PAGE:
Michael Blackburn's ART ZERO


Travelling in the Midwest a few years ago I came across the case of a man who changed his name. This in itself is nothing noteworthy these days: film stars and musicians, after all, do it all the time, as do those tired of their given names, and many who are plain eccentric. In the latter category, for instance, I would include Haywood Ritter of Indiana, who in 1989 became Chicken Chicken Jones. I recall, also, a joke told me by a friend from New York about Joe Horsepiss who asked the judge to change his name from Joe to Dan, but that's another story and not funny to me now I'm no longer a 20-year old pot-smoker.

What intrigued me about Paul E Stankovitch was that he became Mr ISBN 187477840X: surely the first case of a man who voluntarily became a number. For those of you unaware of this form of code - an ISBN (which stands for International Standard Book Number) is the unique number which identifies a particular edition of a book. After the change Stankovitch insisted on the 'Mr' part, by the way.

Unfortunately I didn't keep the article from the paper where I read about this transformation, on account of being in a hurry and having other matters on my mind at the time. I did, however, and for some reason which I cannot remember, write down the actual number. The only other detail I can recall from the article was that Mr ISBN 187477840X worked for a local utility company who had not looked upon his self-appointed name-change with pleasure. Neither had the Inland Revenue Service at first. He also had a dog called Nixon, but he wasn't planning to change his name. It occurred to me that if the dog was one of a long line of hounds he could give him an ISSN - an International Standard Serial Number, like a magazine.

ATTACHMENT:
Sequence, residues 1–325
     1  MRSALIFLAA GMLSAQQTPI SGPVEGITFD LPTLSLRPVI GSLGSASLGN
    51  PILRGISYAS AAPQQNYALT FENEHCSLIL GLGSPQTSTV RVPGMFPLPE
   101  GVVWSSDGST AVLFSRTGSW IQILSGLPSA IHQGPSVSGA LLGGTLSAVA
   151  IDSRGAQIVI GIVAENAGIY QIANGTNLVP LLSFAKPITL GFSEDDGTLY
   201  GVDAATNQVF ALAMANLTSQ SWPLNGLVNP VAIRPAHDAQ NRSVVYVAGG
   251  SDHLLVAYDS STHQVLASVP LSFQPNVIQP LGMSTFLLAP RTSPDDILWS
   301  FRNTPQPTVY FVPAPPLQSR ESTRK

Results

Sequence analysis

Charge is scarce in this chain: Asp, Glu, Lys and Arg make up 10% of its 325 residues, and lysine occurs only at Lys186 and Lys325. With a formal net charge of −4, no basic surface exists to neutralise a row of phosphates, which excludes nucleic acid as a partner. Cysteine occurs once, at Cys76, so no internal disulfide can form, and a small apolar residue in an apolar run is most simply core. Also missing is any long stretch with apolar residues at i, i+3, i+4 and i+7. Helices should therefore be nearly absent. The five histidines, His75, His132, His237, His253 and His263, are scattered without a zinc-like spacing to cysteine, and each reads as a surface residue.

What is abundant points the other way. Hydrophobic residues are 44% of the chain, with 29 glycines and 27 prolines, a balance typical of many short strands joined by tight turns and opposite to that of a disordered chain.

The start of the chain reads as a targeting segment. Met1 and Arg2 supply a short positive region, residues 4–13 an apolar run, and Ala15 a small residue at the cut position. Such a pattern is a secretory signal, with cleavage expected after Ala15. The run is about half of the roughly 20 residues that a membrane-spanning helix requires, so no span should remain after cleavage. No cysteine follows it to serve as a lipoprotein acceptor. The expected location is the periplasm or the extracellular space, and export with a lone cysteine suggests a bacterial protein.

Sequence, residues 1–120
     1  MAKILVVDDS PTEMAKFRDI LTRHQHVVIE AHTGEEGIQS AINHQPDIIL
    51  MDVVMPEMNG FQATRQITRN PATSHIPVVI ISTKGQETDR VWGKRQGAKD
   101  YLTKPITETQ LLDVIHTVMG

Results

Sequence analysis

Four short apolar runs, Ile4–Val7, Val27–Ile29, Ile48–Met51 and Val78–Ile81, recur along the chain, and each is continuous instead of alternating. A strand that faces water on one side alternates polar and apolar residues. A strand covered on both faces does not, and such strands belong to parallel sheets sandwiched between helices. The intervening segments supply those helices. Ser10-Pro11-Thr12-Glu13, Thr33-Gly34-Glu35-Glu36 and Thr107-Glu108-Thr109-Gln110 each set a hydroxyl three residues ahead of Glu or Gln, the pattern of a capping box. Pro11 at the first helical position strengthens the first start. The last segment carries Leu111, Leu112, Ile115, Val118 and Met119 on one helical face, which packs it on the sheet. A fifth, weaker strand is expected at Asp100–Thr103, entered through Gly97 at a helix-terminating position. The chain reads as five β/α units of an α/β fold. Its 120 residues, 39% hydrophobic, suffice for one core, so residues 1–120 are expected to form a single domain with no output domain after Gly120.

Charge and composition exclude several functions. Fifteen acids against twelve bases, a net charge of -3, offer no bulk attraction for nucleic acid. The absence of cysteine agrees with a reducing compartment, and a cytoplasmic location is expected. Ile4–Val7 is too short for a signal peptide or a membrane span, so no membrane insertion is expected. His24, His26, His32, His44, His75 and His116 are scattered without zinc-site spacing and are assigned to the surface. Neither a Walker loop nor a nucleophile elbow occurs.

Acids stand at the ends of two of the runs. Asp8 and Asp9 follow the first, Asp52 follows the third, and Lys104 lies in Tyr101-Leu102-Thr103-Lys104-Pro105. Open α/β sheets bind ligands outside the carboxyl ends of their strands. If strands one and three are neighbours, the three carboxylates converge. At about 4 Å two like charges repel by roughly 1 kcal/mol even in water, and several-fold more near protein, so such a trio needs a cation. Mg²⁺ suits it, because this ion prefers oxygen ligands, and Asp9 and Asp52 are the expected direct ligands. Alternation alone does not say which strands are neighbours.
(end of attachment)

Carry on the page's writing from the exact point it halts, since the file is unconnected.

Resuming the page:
I occasionally thought about Mr ISBN 18747740X. What did his friends and family call him, for instance? Was he called 'Is' or 'Isbn'? Or 'Ice'? Did some of his workmates call him '40X'? Did ISBN serve as a first name at all? It wouldn't be a problem to his kids, if he had any. He'd just be plain 'dad' or 'pop'. But I can't imagine his mother or father calling him anything but Paul. Can you?

If he was an embarrassment to his friend and family, thay must be used to it by now. He's only a mystery to people who don't know him, like me. Why a book? Why not the title of a book instead of its number? Did he read too many books? Was he a local genius with no outlet for his creativity? Was he a homegrown Thoreau making a statement? Was he mad? Did he do it for a bet? Sometimes I muse on these things while I'm sat on a plane over Utah or the Atlantic.

I checked out the number on various databases and no book exists that fits. So he is unique. Maybe he is the book he's writing, so he is literally writing his own life. I like to think that's the case. At least, that's what I think on Thursdays.